We are new to using electric brakes and wonder if we just haven't found the right adjustment yet. We certainly haven't towed very far. Could that be the problem?

Any advice? Should we not tow till we have it checked, or is there something we can do ourselves?

I wanna camp!!
It depends on what you mean by too hot. Every time you step on the breaks the drums get hot and if you do a lot of braking then you will not be able to touch them without getting burned.

It could possibly be your brakes are adjusted a little to tight and you need to back them off a little.

It could also be wheel bearing but I wouldnt think a new tt would bad wheel bearing on both sides.

I would have it checked out by someone before you travel very far.
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Old 06-14-2012, 12:48 PM   #5
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Did you check your emergency breakaway switch?

If you can jack up a tire, see if you can spin it without the TV plugged in first. You should hear minor dragging and metal on metal sounds if properly adjusted. If you cannot spin it then your brakes are adjusted too tightly. There should be a rubber plug on the lower inside portion of the drum for inserting an adjustment tool. It might require pulling the drum to go backwards on the adjustment since it is held in place by a catch making it harder to go backwards on sometimes.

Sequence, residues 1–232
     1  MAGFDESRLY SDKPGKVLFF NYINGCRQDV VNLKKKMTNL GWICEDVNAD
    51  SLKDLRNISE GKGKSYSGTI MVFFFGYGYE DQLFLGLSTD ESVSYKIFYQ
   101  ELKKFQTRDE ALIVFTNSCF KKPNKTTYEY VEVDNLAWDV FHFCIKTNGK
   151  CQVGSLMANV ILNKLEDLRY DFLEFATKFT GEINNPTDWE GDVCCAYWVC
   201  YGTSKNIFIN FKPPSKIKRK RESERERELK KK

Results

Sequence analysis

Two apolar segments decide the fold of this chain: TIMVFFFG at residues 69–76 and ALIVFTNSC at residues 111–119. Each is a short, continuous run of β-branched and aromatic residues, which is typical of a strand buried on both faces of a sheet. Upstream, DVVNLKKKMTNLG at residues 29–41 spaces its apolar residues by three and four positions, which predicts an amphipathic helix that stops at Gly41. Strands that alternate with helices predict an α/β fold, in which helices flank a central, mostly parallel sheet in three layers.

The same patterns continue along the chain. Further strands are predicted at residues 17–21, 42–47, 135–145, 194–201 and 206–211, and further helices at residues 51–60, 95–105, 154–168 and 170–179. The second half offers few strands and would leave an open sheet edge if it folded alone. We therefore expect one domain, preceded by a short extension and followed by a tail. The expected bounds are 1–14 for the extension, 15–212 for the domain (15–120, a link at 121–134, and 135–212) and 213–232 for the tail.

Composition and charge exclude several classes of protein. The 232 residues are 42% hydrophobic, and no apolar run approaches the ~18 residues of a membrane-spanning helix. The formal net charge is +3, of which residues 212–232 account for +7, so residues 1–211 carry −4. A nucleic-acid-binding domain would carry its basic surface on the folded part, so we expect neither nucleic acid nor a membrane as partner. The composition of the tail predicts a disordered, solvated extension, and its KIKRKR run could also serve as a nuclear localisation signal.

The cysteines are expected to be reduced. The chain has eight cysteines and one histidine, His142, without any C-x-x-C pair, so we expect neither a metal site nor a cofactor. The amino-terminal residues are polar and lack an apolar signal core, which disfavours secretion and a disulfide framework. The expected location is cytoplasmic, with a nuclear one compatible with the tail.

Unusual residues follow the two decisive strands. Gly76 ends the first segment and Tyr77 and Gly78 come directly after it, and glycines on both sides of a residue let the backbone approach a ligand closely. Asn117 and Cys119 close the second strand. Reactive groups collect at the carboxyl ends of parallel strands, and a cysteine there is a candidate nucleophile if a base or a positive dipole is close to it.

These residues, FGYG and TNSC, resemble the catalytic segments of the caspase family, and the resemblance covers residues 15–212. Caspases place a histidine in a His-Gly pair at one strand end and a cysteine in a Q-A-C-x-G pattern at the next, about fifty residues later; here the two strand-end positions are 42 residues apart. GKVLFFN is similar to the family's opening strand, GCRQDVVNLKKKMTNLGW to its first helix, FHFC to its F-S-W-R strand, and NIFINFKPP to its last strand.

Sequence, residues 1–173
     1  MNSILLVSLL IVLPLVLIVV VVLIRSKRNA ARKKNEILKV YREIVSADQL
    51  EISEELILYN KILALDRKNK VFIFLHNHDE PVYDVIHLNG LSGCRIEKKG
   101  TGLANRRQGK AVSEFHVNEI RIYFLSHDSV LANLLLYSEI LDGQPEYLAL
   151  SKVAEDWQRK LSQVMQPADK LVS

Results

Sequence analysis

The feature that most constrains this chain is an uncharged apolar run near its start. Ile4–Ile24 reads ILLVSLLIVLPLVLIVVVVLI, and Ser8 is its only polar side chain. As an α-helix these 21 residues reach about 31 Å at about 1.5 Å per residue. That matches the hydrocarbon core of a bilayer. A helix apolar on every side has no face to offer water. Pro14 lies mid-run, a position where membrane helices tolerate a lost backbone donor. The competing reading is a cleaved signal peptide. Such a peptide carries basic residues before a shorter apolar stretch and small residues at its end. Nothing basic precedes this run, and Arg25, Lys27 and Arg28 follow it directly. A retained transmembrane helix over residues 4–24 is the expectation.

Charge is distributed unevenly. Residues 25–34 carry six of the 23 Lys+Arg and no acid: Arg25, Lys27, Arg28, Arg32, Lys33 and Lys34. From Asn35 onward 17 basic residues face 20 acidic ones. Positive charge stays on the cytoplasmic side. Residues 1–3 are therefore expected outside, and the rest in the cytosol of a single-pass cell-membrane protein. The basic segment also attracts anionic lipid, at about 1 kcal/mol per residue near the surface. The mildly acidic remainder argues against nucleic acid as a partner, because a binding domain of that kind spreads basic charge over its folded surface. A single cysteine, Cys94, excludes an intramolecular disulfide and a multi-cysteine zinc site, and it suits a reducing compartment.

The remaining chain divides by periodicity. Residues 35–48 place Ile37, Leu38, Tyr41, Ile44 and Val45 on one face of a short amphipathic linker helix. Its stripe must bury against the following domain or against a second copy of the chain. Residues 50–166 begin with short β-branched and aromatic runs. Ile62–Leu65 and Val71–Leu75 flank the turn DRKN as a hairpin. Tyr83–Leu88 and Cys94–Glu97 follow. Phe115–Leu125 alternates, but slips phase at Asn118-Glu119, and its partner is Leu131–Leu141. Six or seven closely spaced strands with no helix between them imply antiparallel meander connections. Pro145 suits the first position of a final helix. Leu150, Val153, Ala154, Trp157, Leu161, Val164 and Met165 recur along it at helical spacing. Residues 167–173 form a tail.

If you pass the first test now plug in the TV and see if something changes when you spin the wheel. If not then it is most likely bearings. If it does your controller is not working properly and putting out current when it should not, resulting in brake drag. You could also just put a volt meter across the brake control wire and ground to see if this is happening as well.